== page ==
Photo Grave Orchard

His body was claimed by his (wife’s) uncle John Marshall and he was buried at Kilbirnie, Ayrshire 30km west of Glasgow.


On 25 Dec  SMH Roll of Honour notice stated:

“ORCHARD.-Died December 12. 1918. at 1st General Scottish hospital, of broncho-pneumonia, Gunner Leslie Alfred Orchard. 104th Howitzer Battery, 4th- F.A. Brigade dearly loved husband and daddie of Mrs. L. A. Orchard and little daughter, Maisie. 103 Evans-street, Roselle. Loved by all who knew him.

ORCHARD.-Died December 12. 1918. at 1st General Scottish Hospital, of broncho-pneumonia. Gunner Leslie Alfred Orchard, dearly loved son of Mrs. E. Orchard.

ORCHARD.-Died December 12. 1918. at 1st General Scottish Hospital, of broncho-pneumonia, Gunner Leslie Alfred Orchard, dearly beloved son-in-law and brother-in law of Mrs. M. Atkins, Barbara, 103 Evans-street Rozelle, Thomas, Lance-corporal John, and Corporal James Atkins (O.A.S.).”

On 18 Jan SMH Return Thanks notice stated:

“Mrs. L. A. ORCHARD, 103 Evans-street. Rozelle, desires to THANK all kind friends for letters, cards, and kind expressions of sympathy in the loss of her dear husband, Gunner Leslie Alfred Orchard.”

On the anniversary of his death, notices appeared for many years. On 12 Dec 19 SMH On Active Service notice stated:

“ORCHARD.-In loving memory of my dearly loved husband and daddy, Gunner Leslie A. Orchard. 104th Howitzer Battery, died of illness, Glasgow, Scotland, December 12, 1918. Loved by all who knew him. Inserted by his loving wife, E. Orchard, and Maisie.”

On 11 Dec 20:

“ORCHARD.-In loving memory of my dear husband and my daddie, Gunner Leslie A. Orchard, who died December 12, 1918, of illness, in Scotland. Inserted by his loving wife, L. Orchard, and little daughter, Massie (sic).”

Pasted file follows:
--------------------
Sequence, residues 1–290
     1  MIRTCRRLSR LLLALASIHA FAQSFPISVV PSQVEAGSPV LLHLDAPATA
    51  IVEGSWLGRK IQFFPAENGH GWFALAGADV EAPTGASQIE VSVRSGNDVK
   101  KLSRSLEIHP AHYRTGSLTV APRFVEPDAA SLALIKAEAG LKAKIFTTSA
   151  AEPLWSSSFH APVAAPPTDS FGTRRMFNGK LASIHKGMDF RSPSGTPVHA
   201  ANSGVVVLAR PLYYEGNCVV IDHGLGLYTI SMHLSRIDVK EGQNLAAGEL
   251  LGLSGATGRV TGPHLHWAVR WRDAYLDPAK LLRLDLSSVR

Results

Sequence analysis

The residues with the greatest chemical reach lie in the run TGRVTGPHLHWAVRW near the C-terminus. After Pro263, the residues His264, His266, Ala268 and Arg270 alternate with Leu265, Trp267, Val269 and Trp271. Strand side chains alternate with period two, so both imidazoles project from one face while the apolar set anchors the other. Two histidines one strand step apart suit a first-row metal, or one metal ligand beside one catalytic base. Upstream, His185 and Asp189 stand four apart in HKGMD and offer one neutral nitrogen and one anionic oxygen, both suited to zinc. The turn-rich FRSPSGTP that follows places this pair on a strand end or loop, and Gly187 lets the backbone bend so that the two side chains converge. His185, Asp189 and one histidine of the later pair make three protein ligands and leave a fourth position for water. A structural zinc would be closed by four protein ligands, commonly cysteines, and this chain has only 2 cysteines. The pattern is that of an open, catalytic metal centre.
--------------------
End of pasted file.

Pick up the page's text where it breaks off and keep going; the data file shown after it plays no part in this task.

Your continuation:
On 12 Dec 21:

“ORCHARD.—In loving memory of my dear husband and my daddie, Gunner Leslie A. Orchard, who died December 12, 1918. at Glasgow, Scotland. To memory ever dear. Inserted by his loving wife, L. Orchard, and daughter, Maisie.”

On 12 Dec 22:

“ORCHARD.-In loving memory of my dear husband and daddie, Gunner Leslie A. Orchard, 104 Howitzer Battery, died December 12, 1918, in Scotland. Inserted by his loving wife, L. Orchard, and Maisie.”

Finally on 12 Dec 23:

“ORCHARD -In loving memory of my dearly beloved husband and daddy, Gunner Leslie A. Orchard, 104 Howitzer Battery, died December 12, 1918, in Glasgow, Scotland. Inserted by his loving wife and daughter.”

Alfred named his wife Elizabeth as the sole beneficiary in his will.

There is no file mention but it should be assumed Elizabeth and Mary received a pension.

In Jul 1919 his wife received his personal effects including 3 pocket books, letters, cards, fountain pen, wristwatch & strap, devotional book, 1 coin, handkerchief, gold ring, badges, collar, tie, unit colours, & 1 pair of scissors..

Elizabeth did not remarry and died in 1970 in RGH Concord.

His mother Elizabeth died in 1933.

His daughter Mary Elizabeth (Maisie) married Alfred Noel Laurie in 1937. They had 2 daughters. Alfred served in the AIF in WW2 and died in 1955. Maisie died in 1998.